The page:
We are not the first to draw attention to the social dimension of authenticity. After all, self and society are two sides of the same coin. Dr Helen Nicholson of Lund University and Associate Professor Brigid Carroll of the University of Auckland Business School reposition authenticity as something in between an individual and a social virtue. They draw, in part, on the work of philosophers Charles Taylor and Charles Guignon, who reject the pursuit of a self that retreats from the social world in order to become more whole. Taylor, who is Professor Emeritus at McGill University, argues that shutting out the social world is a route to "eliminate[ing] all the candidates for what matters".  He argues that to be authentic, one must be true to others and that this involves being mindful of history and the duties of citizenship. For Taylor the authenticity that arises from looking inward can only be trivial. Nicholson and Carroll therefore pose the question about authenticity: Is it for me, or for something beyond me? The question is important because it shifts authenticity from something one has (or does not have) to something one does with, or for, others and for a purpose. This take us to lesson three…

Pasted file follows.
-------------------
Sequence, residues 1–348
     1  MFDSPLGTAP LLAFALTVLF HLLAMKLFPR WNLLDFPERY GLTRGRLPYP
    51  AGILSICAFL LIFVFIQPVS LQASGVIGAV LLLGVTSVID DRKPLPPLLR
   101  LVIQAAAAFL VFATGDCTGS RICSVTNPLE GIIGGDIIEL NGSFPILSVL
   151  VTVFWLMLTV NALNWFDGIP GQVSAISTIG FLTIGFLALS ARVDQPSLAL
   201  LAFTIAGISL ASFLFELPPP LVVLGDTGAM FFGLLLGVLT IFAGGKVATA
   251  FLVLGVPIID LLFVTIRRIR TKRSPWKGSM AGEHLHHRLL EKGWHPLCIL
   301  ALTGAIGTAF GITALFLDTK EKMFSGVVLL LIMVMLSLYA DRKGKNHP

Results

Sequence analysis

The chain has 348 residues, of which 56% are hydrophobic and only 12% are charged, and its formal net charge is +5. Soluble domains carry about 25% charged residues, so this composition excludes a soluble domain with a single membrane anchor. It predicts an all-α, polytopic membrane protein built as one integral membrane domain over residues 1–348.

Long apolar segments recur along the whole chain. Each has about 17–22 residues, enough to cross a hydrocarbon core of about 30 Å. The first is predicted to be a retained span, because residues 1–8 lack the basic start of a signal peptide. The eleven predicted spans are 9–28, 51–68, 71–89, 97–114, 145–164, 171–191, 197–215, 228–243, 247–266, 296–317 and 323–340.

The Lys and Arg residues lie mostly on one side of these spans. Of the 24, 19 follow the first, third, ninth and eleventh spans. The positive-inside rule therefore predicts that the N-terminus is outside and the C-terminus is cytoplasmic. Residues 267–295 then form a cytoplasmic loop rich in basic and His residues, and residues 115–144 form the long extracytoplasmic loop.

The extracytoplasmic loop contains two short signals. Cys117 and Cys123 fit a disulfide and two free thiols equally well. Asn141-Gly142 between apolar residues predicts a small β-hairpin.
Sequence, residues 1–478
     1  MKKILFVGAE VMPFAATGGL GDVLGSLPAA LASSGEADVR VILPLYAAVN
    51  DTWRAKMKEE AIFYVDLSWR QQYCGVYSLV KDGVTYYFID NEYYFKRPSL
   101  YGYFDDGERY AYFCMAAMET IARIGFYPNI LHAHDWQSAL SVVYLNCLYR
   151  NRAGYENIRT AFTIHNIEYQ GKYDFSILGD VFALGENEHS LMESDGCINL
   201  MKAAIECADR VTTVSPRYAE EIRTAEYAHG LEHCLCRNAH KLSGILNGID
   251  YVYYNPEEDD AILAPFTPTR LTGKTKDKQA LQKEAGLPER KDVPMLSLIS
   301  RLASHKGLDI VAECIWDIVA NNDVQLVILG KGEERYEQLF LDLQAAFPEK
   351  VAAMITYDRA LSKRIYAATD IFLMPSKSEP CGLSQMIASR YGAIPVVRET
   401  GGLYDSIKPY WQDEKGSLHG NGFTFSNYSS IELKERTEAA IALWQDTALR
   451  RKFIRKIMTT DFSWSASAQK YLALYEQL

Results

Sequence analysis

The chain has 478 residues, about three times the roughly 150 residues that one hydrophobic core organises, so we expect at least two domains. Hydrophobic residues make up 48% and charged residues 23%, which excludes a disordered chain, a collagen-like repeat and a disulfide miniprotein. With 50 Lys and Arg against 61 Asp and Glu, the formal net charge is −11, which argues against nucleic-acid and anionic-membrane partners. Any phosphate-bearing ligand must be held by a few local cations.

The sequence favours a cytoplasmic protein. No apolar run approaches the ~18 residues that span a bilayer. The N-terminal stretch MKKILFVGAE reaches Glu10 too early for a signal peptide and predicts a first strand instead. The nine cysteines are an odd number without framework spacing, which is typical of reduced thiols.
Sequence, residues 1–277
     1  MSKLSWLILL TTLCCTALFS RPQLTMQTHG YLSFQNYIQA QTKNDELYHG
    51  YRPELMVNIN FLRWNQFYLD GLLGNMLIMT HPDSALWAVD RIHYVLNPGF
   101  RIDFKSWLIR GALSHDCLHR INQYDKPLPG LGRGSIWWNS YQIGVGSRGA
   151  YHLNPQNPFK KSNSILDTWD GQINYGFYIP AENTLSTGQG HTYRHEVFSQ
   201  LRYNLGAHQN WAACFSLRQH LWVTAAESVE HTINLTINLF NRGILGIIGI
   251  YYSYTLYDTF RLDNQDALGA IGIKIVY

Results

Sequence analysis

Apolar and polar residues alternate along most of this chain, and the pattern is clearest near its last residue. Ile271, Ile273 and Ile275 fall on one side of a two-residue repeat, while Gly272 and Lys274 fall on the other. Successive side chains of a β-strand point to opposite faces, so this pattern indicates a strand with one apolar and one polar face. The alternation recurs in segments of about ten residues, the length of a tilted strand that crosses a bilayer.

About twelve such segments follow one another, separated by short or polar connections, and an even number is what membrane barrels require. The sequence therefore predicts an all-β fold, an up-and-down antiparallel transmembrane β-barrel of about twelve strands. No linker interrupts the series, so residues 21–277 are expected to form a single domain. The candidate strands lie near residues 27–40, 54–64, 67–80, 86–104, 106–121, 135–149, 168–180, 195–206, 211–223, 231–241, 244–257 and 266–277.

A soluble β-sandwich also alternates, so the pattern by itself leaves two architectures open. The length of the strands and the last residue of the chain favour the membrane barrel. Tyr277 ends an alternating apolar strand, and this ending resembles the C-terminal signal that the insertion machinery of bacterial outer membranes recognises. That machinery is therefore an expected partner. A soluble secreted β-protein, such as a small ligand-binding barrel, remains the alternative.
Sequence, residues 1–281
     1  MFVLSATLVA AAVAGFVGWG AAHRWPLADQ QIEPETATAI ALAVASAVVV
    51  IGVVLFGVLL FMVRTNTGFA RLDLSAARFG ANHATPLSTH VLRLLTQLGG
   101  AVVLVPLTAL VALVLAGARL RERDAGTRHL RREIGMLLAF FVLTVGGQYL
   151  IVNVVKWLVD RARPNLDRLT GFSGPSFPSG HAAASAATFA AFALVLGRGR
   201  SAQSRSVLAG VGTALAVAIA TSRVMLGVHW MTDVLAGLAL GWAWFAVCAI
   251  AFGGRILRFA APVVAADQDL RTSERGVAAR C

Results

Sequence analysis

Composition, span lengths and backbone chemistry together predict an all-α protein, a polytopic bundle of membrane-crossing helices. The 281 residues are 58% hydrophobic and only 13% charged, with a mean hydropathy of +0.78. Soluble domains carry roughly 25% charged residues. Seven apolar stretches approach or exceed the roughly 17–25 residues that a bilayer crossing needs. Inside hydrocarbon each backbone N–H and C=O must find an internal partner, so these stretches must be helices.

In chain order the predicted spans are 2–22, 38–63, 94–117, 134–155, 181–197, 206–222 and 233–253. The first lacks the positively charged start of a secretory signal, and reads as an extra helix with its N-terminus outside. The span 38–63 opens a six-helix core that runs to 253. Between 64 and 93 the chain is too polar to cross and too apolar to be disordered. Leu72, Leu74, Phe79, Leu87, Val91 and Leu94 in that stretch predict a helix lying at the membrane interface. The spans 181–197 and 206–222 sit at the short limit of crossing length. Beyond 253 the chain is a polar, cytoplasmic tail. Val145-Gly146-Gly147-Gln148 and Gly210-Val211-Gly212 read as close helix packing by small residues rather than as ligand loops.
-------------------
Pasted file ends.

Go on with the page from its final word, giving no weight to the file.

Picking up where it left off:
Lesson 3: The relationship carries responsibility

Recognising the relational and social dimension of authenticity takes us to leaders' responsibility. We have suggested that the alchemy of authenticity taps into, and kindles, the often subconscious fears and desires of followers. Psychoanalytic perspectives help shed light on this dynamic. University of Bath sociologist Yiannis Gabriel, for example, notes that "relations between leaders and followers frequently stimulate powerful emotional experiences and are liable to unleash formidable fantasies."